You may feel like you already possess certain skills or meet the requirements for the senior developer level, and that’s great! But remember that to be eligible for a promotion from one level to the next, you must demonstrate a proven track record of meeting all the requirements in the job level for your current role, plus some or all of the requirements in the next level. Only once you’ve proven you can handle the responsibilities of the next role will you be considered for a promotion to a senior engineer.
And remember, it doesn’t always have to do with how long you’ve been coding or how long you’ve been with your employer. The job levels are meant to provide an even playing field, and it’s entirely possible that someone with fewer years of experience will get promoted before someone who has been working at the company and coding longer.
Additionally, getting promoted to a senior developer role is not just about a change in your title. As you can see in the job level matrix, moving up to a higher level involves a broader set of responsibilities and more trust that you are capable of solving complex problems and that you always put your team’s interests before your own. In many cases, this also means there is more pressure for you to perform and deliver results on time. A senior role brings increased accountability along with more ambiguity in how to achieve your expected outcomes.
When it comes time for your annual review, it’ll be significantly easier to ask for a promotion to a senior role if you’re able to demonstrate that you consistently meet all the requirements in the job level matrix. One of the first things your manager will do is compare your past performance to the traits laid out in the senior job level matrix. And any requirements you haven’t met will immediately jump out as you’re being considered for the promotion.
Hopefully, you’ve learned enough to put yourself on the path to success. You should now have a better understanding of what you need in order to work towards that senior role, but it’s important to realize that it won’t happen overnight. The journey to becoming a senior developer takes years and requires a tremendous amount of discipline, hard work, and most importantly, constant learning. You are a student of the craft, and you will continue to learn throughout your career.
While becoming a senior programmer may be your goal, it should not be your destination. You should always be pushing yourself for continuous improvement. If anything, your learning will accelerate as you progress in your career, because you’ll be building on the foundation you will lay in these next few years. You’ll start to see how all the puzzle pieces fit together, and you’ll begin to design, influence, and engineer complex systems. You’re building a strong foundation today so that you can solve your customer’s toughest problems in the years ahead.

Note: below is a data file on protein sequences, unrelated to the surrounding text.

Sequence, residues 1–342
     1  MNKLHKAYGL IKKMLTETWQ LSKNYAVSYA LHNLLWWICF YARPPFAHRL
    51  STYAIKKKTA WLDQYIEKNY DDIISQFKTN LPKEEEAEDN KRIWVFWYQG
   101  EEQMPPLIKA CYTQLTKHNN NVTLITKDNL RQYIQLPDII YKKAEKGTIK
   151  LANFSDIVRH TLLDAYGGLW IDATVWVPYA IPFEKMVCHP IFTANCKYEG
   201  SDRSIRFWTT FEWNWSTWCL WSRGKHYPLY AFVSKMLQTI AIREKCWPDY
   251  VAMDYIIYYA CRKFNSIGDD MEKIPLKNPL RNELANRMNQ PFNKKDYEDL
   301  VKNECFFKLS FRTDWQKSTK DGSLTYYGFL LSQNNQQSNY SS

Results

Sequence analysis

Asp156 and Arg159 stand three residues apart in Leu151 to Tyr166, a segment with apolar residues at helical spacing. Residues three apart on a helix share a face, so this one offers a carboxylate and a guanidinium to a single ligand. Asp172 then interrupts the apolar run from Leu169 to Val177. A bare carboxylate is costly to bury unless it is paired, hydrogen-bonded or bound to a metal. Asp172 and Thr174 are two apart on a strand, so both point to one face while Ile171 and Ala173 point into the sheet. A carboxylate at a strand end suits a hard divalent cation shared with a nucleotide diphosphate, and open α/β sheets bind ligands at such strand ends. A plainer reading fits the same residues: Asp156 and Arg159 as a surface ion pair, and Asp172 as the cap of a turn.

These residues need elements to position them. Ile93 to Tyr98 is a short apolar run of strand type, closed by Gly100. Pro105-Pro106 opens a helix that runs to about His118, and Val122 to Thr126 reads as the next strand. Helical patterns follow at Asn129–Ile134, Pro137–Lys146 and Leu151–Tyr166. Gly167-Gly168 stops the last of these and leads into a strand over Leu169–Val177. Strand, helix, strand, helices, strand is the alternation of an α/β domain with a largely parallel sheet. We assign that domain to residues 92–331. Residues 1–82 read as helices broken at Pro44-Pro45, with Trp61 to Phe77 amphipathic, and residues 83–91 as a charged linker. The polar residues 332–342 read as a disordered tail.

The Differences Between a Junior, Mid-Level, and Senior Developer (betterprogramming.pub)
Programmer Competency Matrix (sijinjoseph.com)
Job Titles and Levels: What Every Software Engineer Needs to Know (holloway.com)
Software Engineering Levels (dev.to/shavz)
Software Engineer Qualification Levels: Junior, Middle, and Senior (altexsoft.com)
Have you ever sat in a room and felt like you weren’t smart enough to be there? Maybe the conversation moved too quickly for you to follow, or perhaps your coworkers debated a topic you weren’t familiar with. It’s an uncomfortable feeling that every programmer experiences at some point in their career. When you start to doubt your own abilities and feel insufficient at your job, you’re experiencing impostor feelings.
exampleFeeling like an impostor can come on suddenly in a number of different situations:
You question your ability to complete a task you’re stuck on.
You feel like you don’t belong on a team or at a company because you’re not capable enough to follow along during discussions.
You feel completely overwhelmed, especially when starting a new role, a new project, or learning a new codebase.
You have trouble articulating how something works on a technical level or when someone asks you why you made a certain decision.
If you’ve ever found yourself in one of these situations, it’s hard not to feel like a phony. The good news is that it’s probably not as bad as you think, and it’s way more common than you realize. Nearly everyone has these feelings at some point. Unfortunately, part of the problem is due to the stigma surrounding impostor feelings, which often discourages people from discussing their feelings openly and seeking advice from others. It’s especially hard during the first few years of your career because you’re learning so many different things all at once:
Your team’s codebase and the technologies they use.
Your team’s development processes and methodologies.
Your company’s business logic and business model.
Your manager’s management style.
How to work well with your team members.